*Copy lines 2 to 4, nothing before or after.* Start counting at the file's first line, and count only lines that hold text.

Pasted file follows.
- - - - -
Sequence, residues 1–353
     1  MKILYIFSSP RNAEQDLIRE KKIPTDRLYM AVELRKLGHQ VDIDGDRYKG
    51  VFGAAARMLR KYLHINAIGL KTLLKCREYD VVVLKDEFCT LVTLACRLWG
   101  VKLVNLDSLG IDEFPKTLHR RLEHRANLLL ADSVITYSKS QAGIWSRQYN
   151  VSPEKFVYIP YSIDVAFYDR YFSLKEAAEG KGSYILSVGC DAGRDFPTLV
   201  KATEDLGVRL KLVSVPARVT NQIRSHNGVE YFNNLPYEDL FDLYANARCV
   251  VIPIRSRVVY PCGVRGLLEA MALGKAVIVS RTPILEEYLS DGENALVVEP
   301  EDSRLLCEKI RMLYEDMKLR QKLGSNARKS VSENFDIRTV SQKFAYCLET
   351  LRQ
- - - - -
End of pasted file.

     1  MKILYIFSSP RNAEQDLIRE KKIPTDRLYM AVELRKLGHQ VDIDGDRYKG
    51  VFGAAARMLR KYLHINAIGL KTLLKCREYD VVVLKDEFCT LVTLACRLWG
   101  VKLVNLDSLG IDEFPKTLHR RLEHRANLLL ADSVITYSKS QAGIWSRQYN